Hair samples are used to investigate the presence of trace elements and toxic metals. They also can give you a time estimate of when ingestion occurred and whether it is ongoing. For best results, I recommend you contact the laboratory that analyzes the hair and ask how to take a hair sample and from how many sites on the body. You must determine whether you require hair that is mature or growing.
The type of hair coat can influence the results, and the sample must be prepared properly to avoid external contamination. Because of breed and environmental variability, an appropriate reference standard must be used. Shedding, stage of growth, surface contamination and over-processing of the hair can lead to errors.
Any homemade diet should have its nutrient content analyzed to assure there are no imbalances, deficiencies or excesses. This should be done in a recognized feed testing laboratory, either human or animal. If your client changes ingredients or ingredient sources, the analysis should be repeated. Depending on the season of the year, the soil’s nutrient composition can change, thus altering the nutrient composition of the plant material used. The season can also influence the nutrient composition of organ meats. When purchasing alternative diets (such as raw frozen or dehydrated), make sure the company has done validated nutrient analysis on all their products. This website lists all the AAFCO-approved feed testing laboratories worldwide: petfoodaafco.org
Veterinarians must be familiar with the commercial food industry, how ingredients are sourced and processed, and their composition. This is necessary in order to match the claims made by the company to the quality of their ingredients. The research must be transparent and valid, and support the claims. Veterinary therapeutic diets should stand out as superior in every respect, when compared to over-the-counter diets. In the case of homemade and packaged fresh food diets (frozen and dehydrated), ingredient sources, preparation, freshness and appropriate formulations must be investigated. Each diet should be species and metabolically appropriate. The veterinarian has a significant responsibility to independently evaluate the diets in order to separate fact from fiction, and eliminate any bias.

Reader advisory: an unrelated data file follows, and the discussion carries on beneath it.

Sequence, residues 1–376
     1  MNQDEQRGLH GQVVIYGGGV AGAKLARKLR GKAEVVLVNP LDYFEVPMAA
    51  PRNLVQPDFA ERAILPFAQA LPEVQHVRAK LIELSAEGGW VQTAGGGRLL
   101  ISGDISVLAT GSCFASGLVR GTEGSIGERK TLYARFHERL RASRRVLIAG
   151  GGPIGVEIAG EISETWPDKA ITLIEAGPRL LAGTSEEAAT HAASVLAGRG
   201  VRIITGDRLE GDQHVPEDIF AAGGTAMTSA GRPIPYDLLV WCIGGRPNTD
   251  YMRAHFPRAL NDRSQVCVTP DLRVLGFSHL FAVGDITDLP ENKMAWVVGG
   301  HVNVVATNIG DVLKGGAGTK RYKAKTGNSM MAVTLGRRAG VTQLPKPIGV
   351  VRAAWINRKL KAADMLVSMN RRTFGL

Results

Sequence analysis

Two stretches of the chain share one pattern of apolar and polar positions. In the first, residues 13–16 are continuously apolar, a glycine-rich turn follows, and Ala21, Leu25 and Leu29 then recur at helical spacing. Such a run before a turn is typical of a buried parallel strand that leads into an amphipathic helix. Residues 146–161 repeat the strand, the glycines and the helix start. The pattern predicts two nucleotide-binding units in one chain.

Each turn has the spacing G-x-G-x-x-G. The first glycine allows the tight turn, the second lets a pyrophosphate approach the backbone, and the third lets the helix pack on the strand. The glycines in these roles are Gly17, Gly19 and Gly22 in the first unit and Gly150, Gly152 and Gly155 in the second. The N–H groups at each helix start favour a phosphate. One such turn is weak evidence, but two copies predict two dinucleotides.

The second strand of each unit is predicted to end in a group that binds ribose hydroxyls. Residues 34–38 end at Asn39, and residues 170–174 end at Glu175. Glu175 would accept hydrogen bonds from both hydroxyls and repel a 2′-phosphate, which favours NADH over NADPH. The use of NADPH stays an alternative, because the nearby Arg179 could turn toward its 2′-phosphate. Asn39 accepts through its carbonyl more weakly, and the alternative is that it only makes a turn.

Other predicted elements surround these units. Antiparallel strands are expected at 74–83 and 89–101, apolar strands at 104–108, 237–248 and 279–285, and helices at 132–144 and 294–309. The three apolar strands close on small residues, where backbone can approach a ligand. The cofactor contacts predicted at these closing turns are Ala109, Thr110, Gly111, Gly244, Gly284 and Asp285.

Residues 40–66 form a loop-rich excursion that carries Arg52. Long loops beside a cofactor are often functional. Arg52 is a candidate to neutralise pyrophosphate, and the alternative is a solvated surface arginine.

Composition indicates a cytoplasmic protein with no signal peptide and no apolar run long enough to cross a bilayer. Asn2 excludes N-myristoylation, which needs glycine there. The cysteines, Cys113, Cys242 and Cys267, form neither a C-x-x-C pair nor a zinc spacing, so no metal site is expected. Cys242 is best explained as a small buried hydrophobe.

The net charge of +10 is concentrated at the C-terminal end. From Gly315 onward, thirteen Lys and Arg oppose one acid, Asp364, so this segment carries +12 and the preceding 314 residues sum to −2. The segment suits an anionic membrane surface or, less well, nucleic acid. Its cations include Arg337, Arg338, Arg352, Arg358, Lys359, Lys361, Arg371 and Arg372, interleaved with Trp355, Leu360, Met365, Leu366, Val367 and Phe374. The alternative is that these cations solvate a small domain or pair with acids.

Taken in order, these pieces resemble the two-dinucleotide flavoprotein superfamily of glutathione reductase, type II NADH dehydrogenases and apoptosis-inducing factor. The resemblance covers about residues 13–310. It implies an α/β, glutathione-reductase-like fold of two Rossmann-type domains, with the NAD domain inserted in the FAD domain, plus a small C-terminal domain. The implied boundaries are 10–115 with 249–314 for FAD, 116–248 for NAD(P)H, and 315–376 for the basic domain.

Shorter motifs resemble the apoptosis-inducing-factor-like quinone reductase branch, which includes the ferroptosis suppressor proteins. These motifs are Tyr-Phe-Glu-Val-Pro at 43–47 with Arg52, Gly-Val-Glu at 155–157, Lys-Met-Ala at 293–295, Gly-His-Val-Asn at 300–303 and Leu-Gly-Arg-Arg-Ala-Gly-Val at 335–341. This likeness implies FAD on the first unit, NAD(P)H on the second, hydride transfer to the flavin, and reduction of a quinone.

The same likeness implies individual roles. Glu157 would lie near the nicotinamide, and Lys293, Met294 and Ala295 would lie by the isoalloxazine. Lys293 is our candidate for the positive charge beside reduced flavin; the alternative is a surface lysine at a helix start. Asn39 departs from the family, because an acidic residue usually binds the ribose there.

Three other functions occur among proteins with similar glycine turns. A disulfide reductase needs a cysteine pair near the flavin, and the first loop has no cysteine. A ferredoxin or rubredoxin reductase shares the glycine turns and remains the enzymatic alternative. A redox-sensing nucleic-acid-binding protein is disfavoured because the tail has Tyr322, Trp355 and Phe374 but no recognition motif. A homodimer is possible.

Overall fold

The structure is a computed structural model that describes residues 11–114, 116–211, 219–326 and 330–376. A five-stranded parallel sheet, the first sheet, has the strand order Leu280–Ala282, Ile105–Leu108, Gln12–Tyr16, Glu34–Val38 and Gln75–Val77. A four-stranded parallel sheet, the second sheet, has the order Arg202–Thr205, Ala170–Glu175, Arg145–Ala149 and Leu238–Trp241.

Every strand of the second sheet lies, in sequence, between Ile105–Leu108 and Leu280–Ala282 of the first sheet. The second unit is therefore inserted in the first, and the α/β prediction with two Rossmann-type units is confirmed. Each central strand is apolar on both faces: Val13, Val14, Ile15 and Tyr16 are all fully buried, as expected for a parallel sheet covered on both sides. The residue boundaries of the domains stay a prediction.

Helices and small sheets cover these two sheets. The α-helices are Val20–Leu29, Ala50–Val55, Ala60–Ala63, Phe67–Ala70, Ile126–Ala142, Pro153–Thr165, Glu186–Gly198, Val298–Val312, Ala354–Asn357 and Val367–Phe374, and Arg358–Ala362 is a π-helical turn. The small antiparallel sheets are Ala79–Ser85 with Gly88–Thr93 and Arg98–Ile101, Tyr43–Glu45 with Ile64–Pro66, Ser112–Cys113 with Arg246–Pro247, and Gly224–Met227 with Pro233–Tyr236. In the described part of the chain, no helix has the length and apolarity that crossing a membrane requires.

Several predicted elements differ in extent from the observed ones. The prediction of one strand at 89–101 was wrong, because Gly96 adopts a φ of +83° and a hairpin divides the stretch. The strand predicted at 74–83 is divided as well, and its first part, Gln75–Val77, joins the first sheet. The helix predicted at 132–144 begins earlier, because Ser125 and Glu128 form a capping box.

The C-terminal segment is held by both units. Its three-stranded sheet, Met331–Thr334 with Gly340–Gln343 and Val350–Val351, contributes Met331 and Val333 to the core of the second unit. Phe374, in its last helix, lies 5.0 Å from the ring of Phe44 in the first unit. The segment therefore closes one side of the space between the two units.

The meaning of “complete and balanced”
“Complete and balanced” is an industry term that has more to do with marketing than nutrition. The term suggests there is a strict standard governing the nutrient content of pet foods. But it simply means the diet has met AAFCO’s minimum nutrient standards for growth, gestation, lactation or maintenance, and/or has passed AAFCO’s feeding trials, which are minimal at best. “Balanced over time” is a term used by proponents of alternative diets, which mimic our own diets. Nutrient requirements are not static and vary with age, level of activity, season of the year, stressors, and a host of other factors that render the term “complete and balanced” meaningless.
According to the Association for Pet Obesity Prevention, which surveys veterinarians on an annual basis, US pet obesity rates continue to increase. In 2012, the number of overweight cats reached an all-time high, with 58.3% considered overweight to obese by their veterinarians. The same survey found that 52.5% of dogs are overweight or obese.1 In most practices, an overweight animal is automatically a candidate for a special diet. But is this the right solution? Looking at several weight loss diets, we see a wide range of protein percentages, while fat and carbohydrate ranges are more consistent. Each of these diets may achieve its goal – but so might the dog’s regular diet plus exercise. The veterinarian must be aware of this since many clients are leaning to read labels. Veterinarians independently trained in nutrition are aware of the pathophysiology and the reasons for obesity, and could formulate or recommend a healthier, whole food diet.
By placing an emphasis on nutrition during examination, it is possible that fewer pets will be subjected to invasive diagnostic procedures and illnesses requiring drug therapy. Nutrition is the key to maximizing health. Embracing nutrition as a valuable diagnostic tool provides a lower-cost, yet effective, first line of treatment. Use saliva, blood and hair analysis when needed to assess the nutritional needs of each patient. Finally, select the best diet from the many choices you have investigated and chosen as possible sources of good nutrition.